Oct 6, 2022 - News

Salt Lake County and City Councils reject gondola proposal

A rendering of a gondola in Little Cottonwood Canyon.

A rendering of a gondola towner in Little Cottonwood Canyon. Image: Utah Department of Transportation.

Salt Lake City and County councils voted Tuesday to reject a controversial gondola as a proposed solution to mitigate traffic up Little Cottonwood Canyon.

Details: Through a joint resolution with Salt Lake County Mayor Jenny Wilson, county council members voted 5-4 to remove the project from the Utah Department of Transportation's consideration.

  • Salt Lake City Council also unanimously voted to condemn it through a joint resolution with Mayor Erin Mendenhall.

The big picture: Though not enforceable, the resolutions signal strong local opposition to the project.

Context: The proposed $550-million gondola is UDOT's preferred choice to reduce cars on a heavily trafficked road used to travel to Snowbird and Alta ski resorts.

  • The proposal also includes the construction of a base station near the mouth of the canyon that will include 2,500 parking spaces.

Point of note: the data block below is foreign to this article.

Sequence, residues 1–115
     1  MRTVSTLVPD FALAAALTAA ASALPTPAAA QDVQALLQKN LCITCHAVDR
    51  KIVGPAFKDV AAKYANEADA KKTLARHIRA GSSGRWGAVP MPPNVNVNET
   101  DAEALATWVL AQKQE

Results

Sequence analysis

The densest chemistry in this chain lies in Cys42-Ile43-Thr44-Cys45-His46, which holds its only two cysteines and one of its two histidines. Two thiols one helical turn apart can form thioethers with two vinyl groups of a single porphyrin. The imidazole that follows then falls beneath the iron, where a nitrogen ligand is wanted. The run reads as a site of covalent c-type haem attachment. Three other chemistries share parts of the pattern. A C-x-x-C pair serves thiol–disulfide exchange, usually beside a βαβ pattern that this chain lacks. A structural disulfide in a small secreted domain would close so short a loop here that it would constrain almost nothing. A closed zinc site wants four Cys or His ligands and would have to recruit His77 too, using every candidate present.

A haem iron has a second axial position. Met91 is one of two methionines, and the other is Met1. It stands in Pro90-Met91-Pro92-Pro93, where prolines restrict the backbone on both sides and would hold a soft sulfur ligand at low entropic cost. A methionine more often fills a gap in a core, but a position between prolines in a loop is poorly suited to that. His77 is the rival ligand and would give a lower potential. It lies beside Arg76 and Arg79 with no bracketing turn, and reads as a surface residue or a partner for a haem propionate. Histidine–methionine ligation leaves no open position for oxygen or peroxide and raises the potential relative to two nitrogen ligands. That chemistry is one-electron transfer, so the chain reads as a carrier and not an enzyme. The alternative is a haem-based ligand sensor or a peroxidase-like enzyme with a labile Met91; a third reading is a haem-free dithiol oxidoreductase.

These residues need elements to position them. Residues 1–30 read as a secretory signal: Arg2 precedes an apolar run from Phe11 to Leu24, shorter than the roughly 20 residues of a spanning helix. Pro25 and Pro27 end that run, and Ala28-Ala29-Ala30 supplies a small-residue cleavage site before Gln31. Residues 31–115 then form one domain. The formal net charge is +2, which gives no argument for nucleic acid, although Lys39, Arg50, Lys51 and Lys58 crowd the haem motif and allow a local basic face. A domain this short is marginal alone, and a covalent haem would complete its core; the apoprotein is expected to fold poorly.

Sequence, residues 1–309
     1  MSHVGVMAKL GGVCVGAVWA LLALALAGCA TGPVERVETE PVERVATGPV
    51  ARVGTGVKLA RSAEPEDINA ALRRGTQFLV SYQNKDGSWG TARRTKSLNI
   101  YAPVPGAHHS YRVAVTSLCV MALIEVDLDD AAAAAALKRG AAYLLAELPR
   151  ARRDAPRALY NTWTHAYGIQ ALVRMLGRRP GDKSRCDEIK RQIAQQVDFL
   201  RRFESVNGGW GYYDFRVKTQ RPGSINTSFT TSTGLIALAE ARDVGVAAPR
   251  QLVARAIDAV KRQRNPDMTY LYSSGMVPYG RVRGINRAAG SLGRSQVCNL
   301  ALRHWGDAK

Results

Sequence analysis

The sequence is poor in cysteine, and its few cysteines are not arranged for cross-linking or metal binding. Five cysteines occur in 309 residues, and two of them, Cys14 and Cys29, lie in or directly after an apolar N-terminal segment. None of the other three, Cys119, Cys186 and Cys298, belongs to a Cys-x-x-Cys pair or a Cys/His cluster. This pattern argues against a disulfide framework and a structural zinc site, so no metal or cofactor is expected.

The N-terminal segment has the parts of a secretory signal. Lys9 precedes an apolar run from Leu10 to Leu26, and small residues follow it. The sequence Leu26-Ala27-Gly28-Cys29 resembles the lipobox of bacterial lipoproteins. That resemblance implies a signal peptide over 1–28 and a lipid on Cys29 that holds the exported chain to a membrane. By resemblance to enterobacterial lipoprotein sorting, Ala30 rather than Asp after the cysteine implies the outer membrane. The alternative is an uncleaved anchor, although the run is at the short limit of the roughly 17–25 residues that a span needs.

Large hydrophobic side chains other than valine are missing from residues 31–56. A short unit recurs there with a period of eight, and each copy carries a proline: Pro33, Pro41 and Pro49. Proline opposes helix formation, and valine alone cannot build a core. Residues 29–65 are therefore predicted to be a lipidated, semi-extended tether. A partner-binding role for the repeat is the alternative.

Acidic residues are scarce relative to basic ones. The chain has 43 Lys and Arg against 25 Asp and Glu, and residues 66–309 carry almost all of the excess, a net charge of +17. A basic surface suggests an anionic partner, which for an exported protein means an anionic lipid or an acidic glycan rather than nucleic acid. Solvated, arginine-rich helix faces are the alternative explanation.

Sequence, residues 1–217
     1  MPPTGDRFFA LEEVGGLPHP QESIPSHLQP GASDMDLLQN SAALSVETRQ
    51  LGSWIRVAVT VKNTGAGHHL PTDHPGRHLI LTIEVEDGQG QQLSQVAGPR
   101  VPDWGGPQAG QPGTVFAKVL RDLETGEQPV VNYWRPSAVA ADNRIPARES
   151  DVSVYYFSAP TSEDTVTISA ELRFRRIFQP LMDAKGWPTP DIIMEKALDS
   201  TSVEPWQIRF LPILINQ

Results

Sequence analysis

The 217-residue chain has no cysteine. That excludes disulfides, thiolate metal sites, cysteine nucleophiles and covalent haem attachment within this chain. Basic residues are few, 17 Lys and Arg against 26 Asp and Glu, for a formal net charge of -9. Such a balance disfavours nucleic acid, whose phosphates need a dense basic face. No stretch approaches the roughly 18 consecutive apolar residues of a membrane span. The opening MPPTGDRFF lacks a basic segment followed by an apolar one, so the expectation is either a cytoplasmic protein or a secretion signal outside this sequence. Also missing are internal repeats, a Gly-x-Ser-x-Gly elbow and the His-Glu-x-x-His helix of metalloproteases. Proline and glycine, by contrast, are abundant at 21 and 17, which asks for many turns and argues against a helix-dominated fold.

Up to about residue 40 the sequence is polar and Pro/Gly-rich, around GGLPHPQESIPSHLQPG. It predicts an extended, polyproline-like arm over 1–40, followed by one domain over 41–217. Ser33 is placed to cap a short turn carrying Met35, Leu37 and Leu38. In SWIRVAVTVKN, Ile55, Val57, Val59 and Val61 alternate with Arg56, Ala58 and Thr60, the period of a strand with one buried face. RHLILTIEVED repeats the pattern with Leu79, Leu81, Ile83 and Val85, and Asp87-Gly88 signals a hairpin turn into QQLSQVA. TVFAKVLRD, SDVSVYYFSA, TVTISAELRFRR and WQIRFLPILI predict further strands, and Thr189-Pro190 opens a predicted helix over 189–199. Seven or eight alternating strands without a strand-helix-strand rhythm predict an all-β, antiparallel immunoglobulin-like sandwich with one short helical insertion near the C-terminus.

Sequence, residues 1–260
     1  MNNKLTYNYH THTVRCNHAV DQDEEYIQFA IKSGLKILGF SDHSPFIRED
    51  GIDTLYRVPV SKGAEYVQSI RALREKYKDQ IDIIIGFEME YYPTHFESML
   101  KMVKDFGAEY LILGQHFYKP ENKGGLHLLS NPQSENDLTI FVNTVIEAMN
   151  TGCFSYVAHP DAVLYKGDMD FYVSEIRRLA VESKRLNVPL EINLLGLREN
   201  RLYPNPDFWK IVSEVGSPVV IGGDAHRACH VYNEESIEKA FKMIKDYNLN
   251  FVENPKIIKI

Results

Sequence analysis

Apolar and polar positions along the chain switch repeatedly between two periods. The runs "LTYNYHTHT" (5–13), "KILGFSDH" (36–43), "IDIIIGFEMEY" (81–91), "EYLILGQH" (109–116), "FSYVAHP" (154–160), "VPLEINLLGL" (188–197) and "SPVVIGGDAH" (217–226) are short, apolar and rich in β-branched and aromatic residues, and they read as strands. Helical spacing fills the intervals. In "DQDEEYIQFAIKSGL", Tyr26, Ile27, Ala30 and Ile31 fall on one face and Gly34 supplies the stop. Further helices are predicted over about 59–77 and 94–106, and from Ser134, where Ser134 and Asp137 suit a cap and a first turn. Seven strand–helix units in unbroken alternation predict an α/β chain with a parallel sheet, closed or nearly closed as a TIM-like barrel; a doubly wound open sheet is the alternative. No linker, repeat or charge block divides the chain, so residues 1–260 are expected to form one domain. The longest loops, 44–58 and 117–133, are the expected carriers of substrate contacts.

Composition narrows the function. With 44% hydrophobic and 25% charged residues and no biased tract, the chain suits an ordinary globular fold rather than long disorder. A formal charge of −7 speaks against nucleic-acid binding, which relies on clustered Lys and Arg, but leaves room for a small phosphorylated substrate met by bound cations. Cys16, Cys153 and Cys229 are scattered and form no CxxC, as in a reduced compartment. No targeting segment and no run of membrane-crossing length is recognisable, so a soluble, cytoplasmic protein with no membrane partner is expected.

• Other alternatives listed in a UDOT analysis include enhanced bus services and a $1-billion cog railway, railroads used to travel steep slopes.

Yes, but: The proposal has received mounting scrutiny from city and local governments and conservationists for its cost and environmental impact.

Between the lines: Instead of the gondola, the county council's resolution included adding electric buses with mobility hubs, tolls and incentives for carpoolers as alternative solutions.

What they're saying: In a statement, county council member Jim Bradley said taxpayers shouldn't foot the bill for "a permanent and risky project like this."

  • "When we could invest in common-sense solutions like electric buses that can also be used to benefit transportation issues across Salt Lake Valley," he said.

What's next: UDOT spokesperson John Gleason invited the public to submit comments on the proposal through Oct. 17.

  • "We have worked and communicated with both Salt Lake County and Salt Lake City throughout the study process, and we look forward to receiving their comments on the Final [Environmental Impact Statement]," he said in an email.

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